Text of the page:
The present invention is characterized in that the deflecting medium 3 consists of a single crystal of rutile-type tellurium dioxide (hereinafter abbreviated as TeO,), that is, the socalled paratellurite. This single crystal is generally obtained by the pulling method, which generally enables a good quality single crystal to be formed in a larger volume than a minimum size of 10 X 10 X 10 mm required for a deflecting medium. The single crystal paratellurite is optically of extremely good quality, allowing substantially all light beams having a wavelength of from 0.35 to 5 am to be transmitted therethrough. The crystal belongs to a tetragonal system, wherein p, and v in the equations (1) and (2) present different values depending on the orientation of said crystal. Accordingly, various combinations of the travelling direction of ultrasonic waves and the polarization direction of light beams permit figures of merit M and M to assume different values, some of such combinations being presented in Table 1 below. For comparison, Table 2 gives only one combination of the traveling direction of ultrasonic waves and the polarization direction of light beams with respect to the single crystals of the known deflecting media: LiNbO,, tat-H10 PbMoO Te, and GaAs respectively. Throughout both tables, the longitudinal and shear (or transverse) waves as the mode of acoustic waves are represented by the characters L and S respectively. The values of M and M denote those obtained with optical waves having a wavelength of 6,328 A.

TABLE 1. Experimental results using TeO, element Acoustic wave Displace- Velocity Propagating ment v (X 10 Attenuation Mode direction direction cm/sec) (dB/cm) l. 4.26 2.5 (at 500 MHz) L [OOI] 4.26 2.5 (at 500 MHZ) l. [l0l] 3.64 L [I00] u 2.98 l.5 (at 200 MHz) S [llO] [llO] 0.6!7 6(atl0OMHz) S [l0l] [10]] 2.08 S [l.38. l,0],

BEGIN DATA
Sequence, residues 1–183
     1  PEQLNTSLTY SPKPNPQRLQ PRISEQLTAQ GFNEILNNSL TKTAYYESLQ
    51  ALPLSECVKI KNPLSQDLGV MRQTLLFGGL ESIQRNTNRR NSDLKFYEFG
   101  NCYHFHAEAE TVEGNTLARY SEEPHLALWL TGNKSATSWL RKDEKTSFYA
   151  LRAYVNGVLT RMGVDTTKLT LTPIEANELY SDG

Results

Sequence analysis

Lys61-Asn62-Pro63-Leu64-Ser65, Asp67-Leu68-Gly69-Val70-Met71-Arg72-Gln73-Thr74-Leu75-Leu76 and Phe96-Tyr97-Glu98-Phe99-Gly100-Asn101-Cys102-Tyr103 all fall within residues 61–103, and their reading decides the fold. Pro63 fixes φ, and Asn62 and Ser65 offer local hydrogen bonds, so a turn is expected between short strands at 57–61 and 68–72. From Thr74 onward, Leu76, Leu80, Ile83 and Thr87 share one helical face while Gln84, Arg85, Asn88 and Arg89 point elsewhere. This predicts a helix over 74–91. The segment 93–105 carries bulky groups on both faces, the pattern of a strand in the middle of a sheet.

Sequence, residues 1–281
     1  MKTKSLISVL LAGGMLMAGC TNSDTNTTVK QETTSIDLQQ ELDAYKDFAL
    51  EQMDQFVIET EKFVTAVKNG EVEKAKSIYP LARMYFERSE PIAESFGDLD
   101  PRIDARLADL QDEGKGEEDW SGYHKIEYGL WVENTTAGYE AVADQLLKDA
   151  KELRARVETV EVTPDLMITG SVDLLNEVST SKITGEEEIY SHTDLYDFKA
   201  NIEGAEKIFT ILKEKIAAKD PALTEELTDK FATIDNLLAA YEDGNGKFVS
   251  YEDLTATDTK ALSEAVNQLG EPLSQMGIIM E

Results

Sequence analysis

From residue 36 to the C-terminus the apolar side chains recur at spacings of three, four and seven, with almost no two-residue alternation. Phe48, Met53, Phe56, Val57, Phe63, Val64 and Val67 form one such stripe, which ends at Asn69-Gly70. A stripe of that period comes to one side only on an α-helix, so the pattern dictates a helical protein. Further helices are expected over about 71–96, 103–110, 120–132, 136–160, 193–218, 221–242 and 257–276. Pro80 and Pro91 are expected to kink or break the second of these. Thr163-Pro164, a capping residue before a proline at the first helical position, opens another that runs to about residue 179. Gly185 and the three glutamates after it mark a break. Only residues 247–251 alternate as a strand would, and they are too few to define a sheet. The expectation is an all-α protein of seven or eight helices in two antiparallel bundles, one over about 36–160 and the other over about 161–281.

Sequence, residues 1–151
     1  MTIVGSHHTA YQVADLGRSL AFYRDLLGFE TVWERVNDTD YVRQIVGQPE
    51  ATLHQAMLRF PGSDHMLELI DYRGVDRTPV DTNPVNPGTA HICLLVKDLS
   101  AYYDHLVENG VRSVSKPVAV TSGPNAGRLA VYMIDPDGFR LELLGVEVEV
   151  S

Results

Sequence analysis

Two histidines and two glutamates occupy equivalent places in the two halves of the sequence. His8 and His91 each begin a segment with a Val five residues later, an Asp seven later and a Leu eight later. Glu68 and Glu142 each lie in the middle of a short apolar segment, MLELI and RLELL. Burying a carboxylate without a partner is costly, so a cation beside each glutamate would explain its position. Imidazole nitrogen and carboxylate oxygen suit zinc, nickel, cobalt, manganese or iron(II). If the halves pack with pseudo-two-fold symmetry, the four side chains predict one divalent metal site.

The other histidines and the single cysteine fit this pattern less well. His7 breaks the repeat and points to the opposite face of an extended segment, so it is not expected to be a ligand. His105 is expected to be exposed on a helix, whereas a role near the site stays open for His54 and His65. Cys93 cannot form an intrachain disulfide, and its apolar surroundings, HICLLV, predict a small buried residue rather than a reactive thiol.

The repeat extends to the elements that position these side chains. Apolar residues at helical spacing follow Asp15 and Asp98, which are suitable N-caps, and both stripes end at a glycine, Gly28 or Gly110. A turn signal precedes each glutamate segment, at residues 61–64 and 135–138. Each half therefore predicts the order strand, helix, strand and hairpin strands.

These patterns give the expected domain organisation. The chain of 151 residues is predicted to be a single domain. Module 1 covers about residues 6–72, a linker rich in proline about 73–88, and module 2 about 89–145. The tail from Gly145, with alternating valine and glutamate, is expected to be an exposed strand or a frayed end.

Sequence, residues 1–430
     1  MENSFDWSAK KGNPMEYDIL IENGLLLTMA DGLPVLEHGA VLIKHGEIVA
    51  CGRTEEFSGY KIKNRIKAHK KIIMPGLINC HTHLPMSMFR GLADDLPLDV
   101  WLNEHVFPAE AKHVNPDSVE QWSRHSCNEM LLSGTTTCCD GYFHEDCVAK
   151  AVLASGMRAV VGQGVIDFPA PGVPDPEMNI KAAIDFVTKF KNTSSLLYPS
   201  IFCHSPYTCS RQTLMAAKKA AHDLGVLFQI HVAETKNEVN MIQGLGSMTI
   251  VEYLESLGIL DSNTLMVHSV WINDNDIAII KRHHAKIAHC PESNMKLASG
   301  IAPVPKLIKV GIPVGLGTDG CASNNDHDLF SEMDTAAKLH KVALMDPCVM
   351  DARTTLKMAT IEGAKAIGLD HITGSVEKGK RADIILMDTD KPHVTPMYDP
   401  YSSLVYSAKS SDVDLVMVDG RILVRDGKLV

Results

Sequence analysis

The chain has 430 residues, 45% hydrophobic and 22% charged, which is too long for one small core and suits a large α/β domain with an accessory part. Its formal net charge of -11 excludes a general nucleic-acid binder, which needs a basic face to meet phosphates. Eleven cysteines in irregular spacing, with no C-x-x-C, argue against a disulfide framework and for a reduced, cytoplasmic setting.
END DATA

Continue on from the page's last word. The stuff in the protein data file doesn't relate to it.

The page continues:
[l, l.38.0]. Um 1n(00l) 0.93 (at I00 MHz) or [1. l.38.0]

Optical wave Figures of merit Useful optical M wave- Propa- M (X l()' length gating Polarized (X l0 cm region Mode direction direction sec-"lgl sec/g) (um) L in (OOI) L [OOl] 34.5 l42 0.35 lo 5 l. in (QOI) [00!] 25.6 [l3 0.35 to 5 L [IQl] [OlO] 33.4 lOl 0.35 to5 L [011] [011] 20.4 42.6 0.35 ws 5 [OOI] Arbitrary 793 68.6 0.35 to 5 s [010] [100] 77.7 76.4 0.35 to 5 S [001] Arbitrary 2l0 4l 0.35 to 5 TABLE 2. Experimental results using other elements Acoustic wave Single Discrystal Propagating place- Velocity and direcment r (X Attenuation mode tion direction cm/sec) (dB/cm) LiNbOzt l. [l 150] 6.57 0.15 l(iHzl fl-Hlo l. [OOI] 2.44 2.5 (500 MHz) PhMoO, l. [091] 3.75 2.7 (500 MHz) Tel. [H] 2.20 (i'aAsl. [H0] 5.l5 1.8(200MHZ) Optical wave Figures of merit Useful optical Single M wavecrystal Propa- M (X It) 1 length and gating Polarized (X It) cm region mode sec-"lgl sec/g) direction direction LiNbQ. I. [000i] I |20| 7.0 00.5 05104.; n-HIQt l. [mu] x0 HH 0.4 to I. PbMOOt l. in 00!) I [not] .17 114 0.4 m 5.5 Tc l. [000i] [H20] 4400 10200 H in llltill. than It) (izlAs l. [Hill I I I0] I04 I25 ll(l more Table 1 shows that the L-mode acoustic waves propagated along the [00l] direction of single crystal paratellurite (TeO,) used as a light deflecting medium indicate appreciably large values of M and M, and are subject to very little transmission loss, thus permitting application of ultrasonic waves of high frequency. Accordingly, the aforementioned L-mode acoustic wave assumes a very great importance for a large capacity deflecting medium, and has funher advantage of travelling'at an accelerated speed due to its rapid acoustic velocity. In contrast, the S-mode acoustic wave conducted along the direction and displaced to the [1 l0] direction has a very slow acoustic velocity, presenting an extremely large value of M. Since, as shown in Table l, v has a value of 0.6 l 7 X 10 cm/sec and M has a value of 793 X 10'" sec lg, the aforesaid S-mode acoustic wave pennits the preparation of a highly efficient deflecting medium, though said wave does not travel very rapidly. in addition, the L-mo'de acoustic waves conducted along the [10 l] and 100] directions and the S-mode acoustic wave carried along the H01] direction also display a fairly good deflecting efficiency.